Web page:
Ash update a positive spin
It was no surprise to the scientific community when Secretary of State Owen Paterson announced on Friday that “It will not be possible to eradicate ash dieback” but members of the public and tree enthusiasts may well be shocked at the bleak future for Britain’s 80 million ash trees.
It was a timely speech that coincided with the news that Chalara fraxinea has been identified in six more English counties as well as sites in Wales, Scotland, and Northern Ireland; but at least we are in Britain are not alone in this, C. fraxinea has been rampaging through Europe since the 1992.
COBR met last Friday and was chaired by Owen Paterson, after the Chalara and Tree Health Summit on Wednesday. These two events ensured that all involved parties across all sectors and disciplines were represented in the formulation of an immediate action plan. The out comes as summarised on Defra’s website included both short term and long term measures, in order to tackle C. fraxinea as effectively as possible, and set up systems that will be applicable for other present and future tree parasites.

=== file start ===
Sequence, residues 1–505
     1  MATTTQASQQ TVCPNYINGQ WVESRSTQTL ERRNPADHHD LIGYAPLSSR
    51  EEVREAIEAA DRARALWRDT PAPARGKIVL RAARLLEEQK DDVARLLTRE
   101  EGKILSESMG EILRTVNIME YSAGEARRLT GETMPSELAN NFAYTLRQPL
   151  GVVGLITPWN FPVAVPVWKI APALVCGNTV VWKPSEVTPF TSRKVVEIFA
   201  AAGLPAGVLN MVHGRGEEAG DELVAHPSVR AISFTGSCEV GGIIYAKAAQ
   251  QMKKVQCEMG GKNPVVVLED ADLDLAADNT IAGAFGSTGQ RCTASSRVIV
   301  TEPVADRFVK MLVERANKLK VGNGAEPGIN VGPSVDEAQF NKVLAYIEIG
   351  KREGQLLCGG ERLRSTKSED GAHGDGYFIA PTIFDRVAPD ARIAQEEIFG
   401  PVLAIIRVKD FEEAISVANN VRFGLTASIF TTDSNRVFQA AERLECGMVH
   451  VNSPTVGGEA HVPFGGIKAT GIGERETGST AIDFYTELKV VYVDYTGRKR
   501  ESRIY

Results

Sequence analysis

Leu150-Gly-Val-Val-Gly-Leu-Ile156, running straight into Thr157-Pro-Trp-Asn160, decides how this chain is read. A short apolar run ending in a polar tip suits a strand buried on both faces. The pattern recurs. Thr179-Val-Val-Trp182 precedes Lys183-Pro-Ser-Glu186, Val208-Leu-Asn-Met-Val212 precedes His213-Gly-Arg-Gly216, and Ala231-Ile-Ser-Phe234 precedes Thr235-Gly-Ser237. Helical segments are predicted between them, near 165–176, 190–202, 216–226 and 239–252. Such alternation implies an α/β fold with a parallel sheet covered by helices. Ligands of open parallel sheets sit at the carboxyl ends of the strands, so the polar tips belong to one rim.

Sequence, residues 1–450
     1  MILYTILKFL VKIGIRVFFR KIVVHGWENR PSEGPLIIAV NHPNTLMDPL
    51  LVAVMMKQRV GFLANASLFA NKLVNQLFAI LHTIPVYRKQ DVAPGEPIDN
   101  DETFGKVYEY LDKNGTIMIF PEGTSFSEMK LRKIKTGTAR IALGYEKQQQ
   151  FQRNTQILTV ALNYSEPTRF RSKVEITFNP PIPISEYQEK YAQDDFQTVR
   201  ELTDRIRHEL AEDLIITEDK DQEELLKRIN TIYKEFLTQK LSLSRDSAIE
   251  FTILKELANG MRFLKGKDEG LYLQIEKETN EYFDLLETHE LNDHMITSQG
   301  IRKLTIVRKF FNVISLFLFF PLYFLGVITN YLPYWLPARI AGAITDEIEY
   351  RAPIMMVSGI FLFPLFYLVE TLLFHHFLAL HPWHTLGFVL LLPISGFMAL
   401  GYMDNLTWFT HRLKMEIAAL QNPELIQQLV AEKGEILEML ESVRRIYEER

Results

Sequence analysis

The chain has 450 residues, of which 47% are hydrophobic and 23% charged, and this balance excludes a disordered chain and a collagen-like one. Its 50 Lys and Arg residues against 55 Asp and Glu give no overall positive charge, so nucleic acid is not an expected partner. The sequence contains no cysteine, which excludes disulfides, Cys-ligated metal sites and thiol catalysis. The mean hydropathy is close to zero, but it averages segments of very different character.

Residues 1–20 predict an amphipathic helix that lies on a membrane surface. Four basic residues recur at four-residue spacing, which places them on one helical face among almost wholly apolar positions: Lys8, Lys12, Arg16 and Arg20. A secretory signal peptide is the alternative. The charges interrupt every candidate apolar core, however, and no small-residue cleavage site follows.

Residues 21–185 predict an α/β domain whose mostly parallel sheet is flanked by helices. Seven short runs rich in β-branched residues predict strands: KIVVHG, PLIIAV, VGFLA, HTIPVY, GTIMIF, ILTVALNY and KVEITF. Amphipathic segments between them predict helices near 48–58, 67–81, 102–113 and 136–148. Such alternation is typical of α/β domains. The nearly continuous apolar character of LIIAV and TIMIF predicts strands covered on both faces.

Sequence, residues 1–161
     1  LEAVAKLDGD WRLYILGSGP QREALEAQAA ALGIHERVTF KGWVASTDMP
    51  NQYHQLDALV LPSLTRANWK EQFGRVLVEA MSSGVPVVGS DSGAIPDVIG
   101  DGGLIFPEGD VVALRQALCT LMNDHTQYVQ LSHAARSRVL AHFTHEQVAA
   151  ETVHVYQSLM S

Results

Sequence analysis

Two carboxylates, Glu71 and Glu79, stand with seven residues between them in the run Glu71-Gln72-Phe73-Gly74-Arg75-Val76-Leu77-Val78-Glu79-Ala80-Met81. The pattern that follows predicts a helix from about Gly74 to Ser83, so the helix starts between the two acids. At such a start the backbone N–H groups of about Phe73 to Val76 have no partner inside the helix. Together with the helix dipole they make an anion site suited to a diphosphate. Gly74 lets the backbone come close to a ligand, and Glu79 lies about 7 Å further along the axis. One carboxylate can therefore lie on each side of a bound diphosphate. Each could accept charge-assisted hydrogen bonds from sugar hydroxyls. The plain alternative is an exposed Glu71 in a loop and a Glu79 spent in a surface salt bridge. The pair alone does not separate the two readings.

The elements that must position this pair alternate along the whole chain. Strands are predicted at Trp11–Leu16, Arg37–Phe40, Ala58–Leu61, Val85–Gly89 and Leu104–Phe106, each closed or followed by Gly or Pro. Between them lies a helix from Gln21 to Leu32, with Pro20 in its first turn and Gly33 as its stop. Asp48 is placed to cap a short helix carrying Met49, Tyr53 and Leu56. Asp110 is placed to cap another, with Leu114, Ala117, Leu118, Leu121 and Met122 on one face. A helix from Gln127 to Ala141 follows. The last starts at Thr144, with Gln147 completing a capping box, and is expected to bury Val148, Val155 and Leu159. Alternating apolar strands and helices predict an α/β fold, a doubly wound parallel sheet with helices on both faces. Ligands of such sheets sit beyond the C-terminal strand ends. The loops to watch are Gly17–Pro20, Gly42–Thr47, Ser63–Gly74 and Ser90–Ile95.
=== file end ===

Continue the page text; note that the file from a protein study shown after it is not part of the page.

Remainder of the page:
On the positive side ‘we have all winter to tackle ash dieback’, said Owen Paterson on Friday, as it is during the summer months that transmission rates increase and spreading is most significant. The downside is that the effectiveness of our actions over the coming months cannot be fully realised until the spring when the new leaves begin to grow. It may also be that this degree of devastation provides the enormous motivation and drive the EU and its member states need to achieve current emission targets, improvements to legislative measures (concerning trade, biodiversity and conservation), increase relevant scientific funding and above all learn from this collectively through collaboration to ensure events like this become less frequent.
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